Websites sit on a design spectrum. On one end are applications, with their conditional logic, states, and flows—they’re software.
On the other end of the design spectrum are documents; sweet, modest documents with their pleasing knowableness and clear edges.
For better or worse, I am a document lover.
This is the context where I fell in love with design and the web. It is a love story, but it is also a ghost story.
An interesting project that will research and document the language used across different design systems to name similar components.
This is a great how-to from Darius Kazemi!
The main reason to run a small social network site is that you can create an online environment tailored to the needs of your community in a way that a big corporation like Facebook or Twitter never could. Yes, you can always start a Facebook Group for your community and moderate that how you like, but only within certain bounds set by Facebook. If you (or your community) run the whole site, then you are ultimately the boss of what goes on. It is harder work than letting Facebook or Twitter or Slack or Basecamp or whoever else take care of everything, but I believe it’s worth it.
There’s a lot of good advice for community management and the whole thing is a lesson in writing excellent documentation.
Ooh! A documentary on Claude Shannon—exciting!
I just finished reading A Mind At Play, the (very good) biography of Claude Shannon, so this film feels very timely.
Mixing contemporary interviews, archival film, animation and dialogue drawn from interviews conducted with Shannon himself, The Bit Player tells the story of an overlooked genius who revolutionized the world, but never lost his childlike curiosity.
The slides from Carolyn’s talk at Beyond Tellerrand. The presentation is ostensibly about writing documentation, but I think it’s packed with good advice for writing in general.
There’s a new reissue of the twenty year old documentary on Justin Hall’s links.net and the early days of the web.
200 discarded objects from a dump in San Francisco, meticulously catalogued, researched, and documented by Jenny Odell. The result is something more revealing than most pre-planned time capsule projects …although this project may be somewhat short-lived as it’s hosted on Tumblr.
An online documentary series featuring interviews with smart people about the changing role of design.
As technology becomes more complex and opaque, how will we as designers understand its potential, do hands-on work, translate it into forms people can understand and use, and lead meaningful conversations with manufacturers and policymakers about its downstream implications? We are entering a new technology landscape shaped by artificial intelligence, advanced robotics and synthetic biology.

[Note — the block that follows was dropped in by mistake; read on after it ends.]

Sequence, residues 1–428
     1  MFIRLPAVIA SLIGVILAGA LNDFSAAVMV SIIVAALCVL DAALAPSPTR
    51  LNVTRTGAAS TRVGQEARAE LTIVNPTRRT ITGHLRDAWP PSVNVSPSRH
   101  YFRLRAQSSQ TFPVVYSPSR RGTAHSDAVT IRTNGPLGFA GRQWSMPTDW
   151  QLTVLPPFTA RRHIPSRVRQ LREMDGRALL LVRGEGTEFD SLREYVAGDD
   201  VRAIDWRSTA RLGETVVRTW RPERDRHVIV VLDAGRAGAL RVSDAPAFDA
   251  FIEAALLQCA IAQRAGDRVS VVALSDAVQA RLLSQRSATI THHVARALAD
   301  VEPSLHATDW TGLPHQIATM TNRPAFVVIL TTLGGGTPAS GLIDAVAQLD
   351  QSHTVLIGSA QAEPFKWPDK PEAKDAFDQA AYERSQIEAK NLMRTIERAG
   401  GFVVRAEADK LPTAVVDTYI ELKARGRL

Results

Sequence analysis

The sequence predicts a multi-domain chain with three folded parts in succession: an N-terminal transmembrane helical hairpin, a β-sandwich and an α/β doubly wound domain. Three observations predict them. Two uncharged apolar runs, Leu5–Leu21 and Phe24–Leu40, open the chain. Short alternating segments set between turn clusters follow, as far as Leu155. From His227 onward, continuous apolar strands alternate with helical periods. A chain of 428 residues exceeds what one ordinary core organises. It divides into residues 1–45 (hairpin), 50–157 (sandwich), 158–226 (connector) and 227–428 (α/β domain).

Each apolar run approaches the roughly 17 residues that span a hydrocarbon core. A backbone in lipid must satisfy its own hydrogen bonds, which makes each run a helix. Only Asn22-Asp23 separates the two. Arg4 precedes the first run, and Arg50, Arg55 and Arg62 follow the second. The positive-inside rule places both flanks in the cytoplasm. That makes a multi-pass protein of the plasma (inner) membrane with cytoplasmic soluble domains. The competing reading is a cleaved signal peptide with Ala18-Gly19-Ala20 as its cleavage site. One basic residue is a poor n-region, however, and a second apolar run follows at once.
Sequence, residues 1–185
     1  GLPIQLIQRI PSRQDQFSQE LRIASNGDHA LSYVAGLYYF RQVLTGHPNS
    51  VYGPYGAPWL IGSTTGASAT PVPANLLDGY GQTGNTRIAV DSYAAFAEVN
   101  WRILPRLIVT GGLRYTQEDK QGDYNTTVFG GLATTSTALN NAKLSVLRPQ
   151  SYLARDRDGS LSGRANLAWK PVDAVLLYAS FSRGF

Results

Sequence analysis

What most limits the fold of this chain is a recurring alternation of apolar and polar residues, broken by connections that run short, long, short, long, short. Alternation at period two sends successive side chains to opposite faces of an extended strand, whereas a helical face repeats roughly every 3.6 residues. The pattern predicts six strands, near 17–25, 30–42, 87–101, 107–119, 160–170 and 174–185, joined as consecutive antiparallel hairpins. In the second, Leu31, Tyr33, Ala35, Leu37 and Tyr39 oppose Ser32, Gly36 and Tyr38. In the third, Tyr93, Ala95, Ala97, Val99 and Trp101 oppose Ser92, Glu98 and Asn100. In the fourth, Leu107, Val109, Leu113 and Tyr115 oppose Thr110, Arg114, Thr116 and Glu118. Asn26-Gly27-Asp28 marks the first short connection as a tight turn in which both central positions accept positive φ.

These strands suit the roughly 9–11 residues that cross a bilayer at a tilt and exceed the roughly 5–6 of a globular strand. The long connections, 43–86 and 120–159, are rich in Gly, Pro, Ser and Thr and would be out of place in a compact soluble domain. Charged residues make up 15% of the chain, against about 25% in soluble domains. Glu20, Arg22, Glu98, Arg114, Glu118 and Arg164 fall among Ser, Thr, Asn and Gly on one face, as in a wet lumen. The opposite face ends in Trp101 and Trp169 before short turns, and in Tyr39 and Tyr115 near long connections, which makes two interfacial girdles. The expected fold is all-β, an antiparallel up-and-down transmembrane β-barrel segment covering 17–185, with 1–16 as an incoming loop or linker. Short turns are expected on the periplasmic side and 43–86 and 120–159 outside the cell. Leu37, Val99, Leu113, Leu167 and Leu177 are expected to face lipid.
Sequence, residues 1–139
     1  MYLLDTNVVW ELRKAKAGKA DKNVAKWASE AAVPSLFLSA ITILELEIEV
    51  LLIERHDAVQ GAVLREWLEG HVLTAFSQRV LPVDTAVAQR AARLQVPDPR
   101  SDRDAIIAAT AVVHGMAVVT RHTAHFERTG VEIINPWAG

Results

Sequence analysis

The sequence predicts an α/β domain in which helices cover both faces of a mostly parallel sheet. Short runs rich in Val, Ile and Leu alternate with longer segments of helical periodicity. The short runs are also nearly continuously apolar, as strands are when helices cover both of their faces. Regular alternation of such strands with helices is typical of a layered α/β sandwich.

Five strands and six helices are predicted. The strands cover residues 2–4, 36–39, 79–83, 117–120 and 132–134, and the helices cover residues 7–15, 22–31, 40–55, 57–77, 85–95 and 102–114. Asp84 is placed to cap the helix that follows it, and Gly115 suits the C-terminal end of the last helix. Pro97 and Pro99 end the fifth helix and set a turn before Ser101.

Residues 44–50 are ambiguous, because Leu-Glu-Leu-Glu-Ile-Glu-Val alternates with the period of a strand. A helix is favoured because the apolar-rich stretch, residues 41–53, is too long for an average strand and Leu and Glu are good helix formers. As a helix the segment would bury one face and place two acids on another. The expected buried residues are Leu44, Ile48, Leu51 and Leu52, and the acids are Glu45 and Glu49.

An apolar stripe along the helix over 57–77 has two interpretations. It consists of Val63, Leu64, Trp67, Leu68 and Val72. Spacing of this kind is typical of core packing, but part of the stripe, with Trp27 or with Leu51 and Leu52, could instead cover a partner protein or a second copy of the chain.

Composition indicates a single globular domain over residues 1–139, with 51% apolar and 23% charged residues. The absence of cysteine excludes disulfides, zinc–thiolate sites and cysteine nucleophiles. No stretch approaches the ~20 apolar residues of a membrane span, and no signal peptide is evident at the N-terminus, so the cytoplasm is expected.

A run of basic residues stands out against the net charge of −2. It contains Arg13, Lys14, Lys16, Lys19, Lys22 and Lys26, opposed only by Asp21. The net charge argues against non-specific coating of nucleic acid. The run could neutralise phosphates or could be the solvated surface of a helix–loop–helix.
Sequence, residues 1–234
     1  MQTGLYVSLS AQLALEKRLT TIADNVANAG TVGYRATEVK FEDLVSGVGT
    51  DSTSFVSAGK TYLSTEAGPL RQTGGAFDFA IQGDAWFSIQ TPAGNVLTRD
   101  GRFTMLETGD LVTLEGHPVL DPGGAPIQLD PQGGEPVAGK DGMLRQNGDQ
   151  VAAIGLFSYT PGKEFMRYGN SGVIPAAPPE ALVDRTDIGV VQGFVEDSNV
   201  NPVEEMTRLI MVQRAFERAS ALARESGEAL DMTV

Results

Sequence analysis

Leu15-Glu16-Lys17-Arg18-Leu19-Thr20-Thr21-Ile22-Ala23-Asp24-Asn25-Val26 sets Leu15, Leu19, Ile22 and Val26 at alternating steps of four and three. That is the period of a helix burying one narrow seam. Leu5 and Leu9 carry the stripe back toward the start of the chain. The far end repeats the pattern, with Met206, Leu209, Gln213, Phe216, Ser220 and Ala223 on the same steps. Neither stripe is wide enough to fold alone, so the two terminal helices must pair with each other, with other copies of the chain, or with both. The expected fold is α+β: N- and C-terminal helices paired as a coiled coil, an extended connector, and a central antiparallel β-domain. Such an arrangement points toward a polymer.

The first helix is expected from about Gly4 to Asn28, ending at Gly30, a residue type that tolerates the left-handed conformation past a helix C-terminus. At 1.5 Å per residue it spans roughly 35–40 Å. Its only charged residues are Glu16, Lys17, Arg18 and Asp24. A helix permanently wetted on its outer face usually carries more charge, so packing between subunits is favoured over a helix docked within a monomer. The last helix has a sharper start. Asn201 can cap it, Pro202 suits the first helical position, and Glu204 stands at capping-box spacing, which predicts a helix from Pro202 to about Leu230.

So far there’s Kevin Slavin, Molly Wright Steenson, and Alexandra Daisy Ginsberg, with more to come from the likes of Matt Jones, Anab Jain, Dan Hill, and many, many more.
Ah, what a wonderful treasure trove this is! PDF scans of Apollo era press kits from a range of American companies.
- Official NASA
- Lunar Module
There’s something so fascinating about the mundane details of Isolation/Quarantine Foods for Apollo 11 Astronauts from Stouffer’s.
I linked to this a while back but now this great half hour documentary by Jessica Yu is ready and you can watch the whole thing online: Tim Berners-Lee, the birth of the web, and where the web has gone since.
In the scenes describing the early web, there’s footage of the recreated Line Mode Browser—how cool is that‽
This documentary, made entirely with archive footage, looks like it will be amazing! I really hope I get to see it in a cinema.
Crafted from a newly discovered trove of 65mm footage, and more than 11,000 hours of uncatalogued audio recordings, Apollo 11 takes us straight to the heart of NASA’s most celebrated mission—the one that first put men on the moon, and forever made Neil Armstrong and Buzz Aldrin into household names.
Aw! What about Michael Collins‽ He’s always the Ringo of the mission, even though he was the coolest dude.
Running an experiment for 500 years is hard enough. Then there’s the documentation…
The hard part is ensuring someone will continue doing this on schedule well into the future. The team left a USB stick with instructions, which Möller realizes is far from adequate, given how quickly digital technology becomes obsolete. They also left a hard copy, on paper. “But think about 500-year-old paper,” he says, how it would yellow and crumble. “Should we carve it in stone? Do we have to carve it in a metal plate?” But what if someone who cannot read the writing comes along and decides to take the metal plate as a cool, shiny relic, as tomb raiders once did when looting ancient tombs?
No strategy is likely to be completely foolproof 500 years later. So the team asks that researchers at each 25-year time point copy the instructions so that they remain linguistically and technologically up to date.
The newest Gary Hustwit film is a documentary about Dieter Rams, featuring plinkity music by Brian Eno.
Rams is a design documentary, but it’s also a rumination on consumerism, materialism, and sustainability.
A new impressionistic documentary about Space City.
I encourage you to think about and make sure you are using the right elements at the right time. Sometimes I overthink this, but that’s because it’s that important to me - I want to make sure that the markup I use helps people understand the content, and doesn’t hinder them.
A forthcoming documentary about the company spun out of Apple to create a handheld communication device …in 1990.
From mobile computing, social media, downloadable apps and e-commerce to touchscreens, emoji and USB, the products and services that now dominate the tech industry and our day-to-day lives were born at General Magic.
This forthcoming documentary on Ursula K. Le Guin looks like it will be very good indeed.